News From The States

Evening Wrap

Your daily analysis of trending topics in state government. The snark is nonpartisan.

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Don't touch my pens

House Republicans continued fighting amongst themselves on Tuesday, hurtling closer to a government shutdown as opposition from far-right lawmakers forced GOP leaders to punt a vote on a short-term funding bill, our D.C. bureau reported.


Let’s start with a quick primer on the Electronic Registration Information Center, both because it is pretty wonky and because I cannot refer to my own previous explanation so I, too, need a refresher. The group, known as ERIC, is a nonprofit organization that was launched in 2012 by election officials from seven states — red and blue — with the goal of improving the accuracy of voter registration rolls, improving outreach, and reducing the likelihood of illegal voting. Broadly, the program works by comparing a state’s voter registration records and motor vehicle data to death records and change of address databases, then compiling a report with any overlaps. It’s effective, and historically popular — at its peak, the group counted 31 states as members. 

The days are long but the years are also very long

I don’t really know what day it is, which is fine — time marches on, but the political idiocy stays the same. (Or maybe it gets worse. I honestly can’t tell anymore.) (I’m pretty sure it’s Monday.)

Happy Democracy Day, everyone

Hello, and welcome to Friday. It also happens to be the annual Democracy Day, on which we ponder the fate of our republic.

Two courtrooms and a nesting box

A federal judge on Wednesday rejected the Biden administration’s version of a program that has shielded young immigrants from deportation, saying the current iteration remained unlawful despite recent revisions. Those changes, Texas-based District Judge Andrew Hanen ruled, did not significantly alter the Deferred Action for Childhood Arrivals (DACA) program, which he had previously struck down after determining that then-President Barack Obama exceeded his authority by creating it via executive order, the Nevada Current reported.

A thing or two

Not every departure is voluntary. In Nebraska, a high school English teacher was asked to resign after helping her students compose a letter asking administrators to honor Martin Luther King Jr. Day, the Nebraska Examiner reported.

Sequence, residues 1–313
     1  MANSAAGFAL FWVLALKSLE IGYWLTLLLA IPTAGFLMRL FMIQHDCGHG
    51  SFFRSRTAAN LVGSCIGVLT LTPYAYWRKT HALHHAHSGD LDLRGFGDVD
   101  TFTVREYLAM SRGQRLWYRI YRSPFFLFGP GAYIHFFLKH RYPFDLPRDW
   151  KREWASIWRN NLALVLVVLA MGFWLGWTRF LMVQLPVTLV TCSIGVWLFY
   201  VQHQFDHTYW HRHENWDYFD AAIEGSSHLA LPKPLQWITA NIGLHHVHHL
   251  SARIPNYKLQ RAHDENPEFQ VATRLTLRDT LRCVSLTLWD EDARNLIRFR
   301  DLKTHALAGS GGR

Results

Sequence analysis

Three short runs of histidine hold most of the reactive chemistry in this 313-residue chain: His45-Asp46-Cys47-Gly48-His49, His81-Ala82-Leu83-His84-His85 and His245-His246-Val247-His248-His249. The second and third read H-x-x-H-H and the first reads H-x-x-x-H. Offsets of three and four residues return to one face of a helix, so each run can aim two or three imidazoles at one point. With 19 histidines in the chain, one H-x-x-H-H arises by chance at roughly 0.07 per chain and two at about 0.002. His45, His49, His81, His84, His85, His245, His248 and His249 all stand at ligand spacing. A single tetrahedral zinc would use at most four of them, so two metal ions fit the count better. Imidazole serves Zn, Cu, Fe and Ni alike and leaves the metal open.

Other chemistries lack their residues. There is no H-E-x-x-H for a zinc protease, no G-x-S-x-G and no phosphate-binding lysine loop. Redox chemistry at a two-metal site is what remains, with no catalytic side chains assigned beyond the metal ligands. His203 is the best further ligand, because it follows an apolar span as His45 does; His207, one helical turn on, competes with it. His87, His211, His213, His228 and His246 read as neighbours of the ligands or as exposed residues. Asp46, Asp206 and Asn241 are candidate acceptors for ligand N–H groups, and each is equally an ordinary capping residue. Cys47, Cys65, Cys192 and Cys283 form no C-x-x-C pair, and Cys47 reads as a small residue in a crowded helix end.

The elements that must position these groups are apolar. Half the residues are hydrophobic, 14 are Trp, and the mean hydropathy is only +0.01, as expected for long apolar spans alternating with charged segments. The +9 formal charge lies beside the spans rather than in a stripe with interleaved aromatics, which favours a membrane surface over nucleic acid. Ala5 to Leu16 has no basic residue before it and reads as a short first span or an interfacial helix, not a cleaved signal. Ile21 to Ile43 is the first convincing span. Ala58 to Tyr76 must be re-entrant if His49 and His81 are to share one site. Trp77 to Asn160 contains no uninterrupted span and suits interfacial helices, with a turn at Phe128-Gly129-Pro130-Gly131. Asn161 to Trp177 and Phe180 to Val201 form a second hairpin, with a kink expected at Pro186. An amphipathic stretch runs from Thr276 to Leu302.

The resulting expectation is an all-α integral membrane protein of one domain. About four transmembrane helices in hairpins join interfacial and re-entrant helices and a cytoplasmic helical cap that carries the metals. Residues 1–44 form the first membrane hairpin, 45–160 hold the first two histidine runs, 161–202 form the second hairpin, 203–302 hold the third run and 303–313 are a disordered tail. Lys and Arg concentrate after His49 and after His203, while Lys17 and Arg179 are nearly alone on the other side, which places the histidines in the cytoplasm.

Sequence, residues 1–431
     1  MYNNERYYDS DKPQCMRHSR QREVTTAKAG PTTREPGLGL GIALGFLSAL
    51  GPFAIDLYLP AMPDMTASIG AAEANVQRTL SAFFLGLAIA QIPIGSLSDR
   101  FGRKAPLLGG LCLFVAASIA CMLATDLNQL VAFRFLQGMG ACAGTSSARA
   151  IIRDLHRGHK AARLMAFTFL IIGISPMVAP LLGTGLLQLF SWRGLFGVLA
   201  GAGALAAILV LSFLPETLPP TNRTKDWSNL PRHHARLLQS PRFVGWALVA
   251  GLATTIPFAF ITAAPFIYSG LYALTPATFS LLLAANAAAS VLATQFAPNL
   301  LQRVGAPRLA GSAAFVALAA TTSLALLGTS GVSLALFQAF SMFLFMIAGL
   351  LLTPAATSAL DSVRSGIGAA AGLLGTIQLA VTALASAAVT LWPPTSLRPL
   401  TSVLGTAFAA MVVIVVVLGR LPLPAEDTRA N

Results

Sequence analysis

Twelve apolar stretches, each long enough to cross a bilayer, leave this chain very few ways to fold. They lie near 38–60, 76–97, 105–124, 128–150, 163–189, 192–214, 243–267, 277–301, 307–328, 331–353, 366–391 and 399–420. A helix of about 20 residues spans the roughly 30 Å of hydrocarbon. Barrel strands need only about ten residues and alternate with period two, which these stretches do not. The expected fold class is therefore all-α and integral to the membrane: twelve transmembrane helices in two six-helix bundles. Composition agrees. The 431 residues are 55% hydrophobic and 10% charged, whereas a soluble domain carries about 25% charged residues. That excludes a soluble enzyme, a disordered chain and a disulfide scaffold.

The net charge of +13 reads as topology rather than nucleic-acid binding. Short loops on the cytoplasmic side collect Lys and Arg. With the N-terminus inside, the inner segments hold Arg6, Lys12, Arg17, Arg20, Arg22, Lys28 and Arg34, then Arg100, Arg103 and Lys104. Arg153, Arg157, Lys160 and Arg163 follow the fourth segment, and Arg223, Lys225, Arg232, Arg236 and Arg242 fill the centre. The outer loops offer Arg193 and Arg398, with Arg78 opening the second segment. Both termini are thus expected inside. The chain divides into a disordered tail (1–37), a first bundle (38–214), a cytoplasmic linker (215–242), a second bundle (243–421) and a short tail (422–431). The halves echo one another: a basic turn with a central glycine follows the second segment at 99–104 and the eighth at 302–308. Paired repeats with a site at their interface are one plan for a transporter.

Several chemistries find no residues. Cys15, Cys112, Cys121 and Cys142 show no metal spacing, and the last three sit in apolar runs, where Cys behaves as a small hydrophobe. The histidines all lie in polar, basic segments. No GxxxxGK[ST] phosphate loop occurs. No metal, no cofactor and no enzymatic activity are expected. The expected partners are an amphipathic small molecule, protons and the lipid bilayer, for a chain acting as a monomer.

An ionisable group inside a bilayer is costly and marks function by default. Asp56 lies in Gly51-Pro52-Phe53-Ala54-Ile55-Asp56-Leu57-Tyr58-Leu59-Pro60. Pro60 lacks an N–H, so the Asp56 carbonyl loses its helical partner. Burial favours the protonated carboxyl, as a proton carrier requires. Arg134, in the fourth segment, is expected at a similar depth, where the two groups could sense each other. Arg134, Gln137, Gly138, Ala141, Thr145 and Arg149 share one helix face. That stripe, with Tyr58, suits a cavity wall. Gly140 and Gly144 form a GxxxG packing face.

The men have exhausted me

U.S. House Speaker Kevin McCarthy on Tuesday confirmed that he’d directed several House committees to open a formal impeachment inquiry into President Joe Biden, once again bowing to the far-right faction to which he traded his soul in exchange for becoming speaker. The probe will focus on unfounded allegations that Biden profited from his son Hunter’s business dealings during the Obama administration, among other fanciful claims, our D.C. bureau reported.

A newsletter about American politics

I have spent an inordinate amount of time trying to decide which of these stories to lead with, which is dumb because they are all equally exasperating. (In a way, then, a fitting exercise!) I decided to solve this nonproblem by going alphabetically, so we’re going to kick things off in Colorado, where lawmakers continue to warn of rising crime rates even though crime rates have been decreasing since 2022, Colorado Newsline reported.

Teeming with tetanus

Here’s the big important news of the day: Florida Supreme Court Chief Justice Carlos Muñiz on Friday referred to fetuses as “human beings” and described Roe v. Wade as an “abomination” during arguments in a legal challenge to the state’s 15-week abortion ban, signaling the conservative-majority panel’s willingness to uphold a policy that opponents say is forbidden under the state’s constitution, the Florida Phoenix reported.

Nothing (everything!) is political

Take, for example, our national epidemic of gun violence. Firearms are the leading cause of death for American children and teenagers. That rate has worsened dramatically in recent years, jumping from 1,732 gun deaths in 2019 to 2,590 in 2021 — a 50% increase. School shootings have risen concurrently, more than doubling from 2019 (24) to 2022 (51). Since 1999, more than 366,000 children have experienced gun violence at school.

So hot right now

Also feeling the heat: Ocean life off the coast of Oregon, where a growing “blob” of warm water is expected to head inland in the next month. The mass, kept offshore for months by northern winds and colder water, will likely spike ocean temperatures by as much as 15 degrees within days of nearing land, experts told the Oregon Capital Chronicle.

You are, probably, very sweaty

Of course, thanks to climate change, oppressive heat is no longer a regional problem. Last month in Wisconsin, days of extreme heat prompted multiple schools to close down for days at a time. Prolonged drought and scorching heat waves have increased wildfire activity across the state, officials said. On Labor Day, temperatures across the state neared 100 degrees, accompanied by unusually high levels of humidity, experts told the Wisconsin Examiner.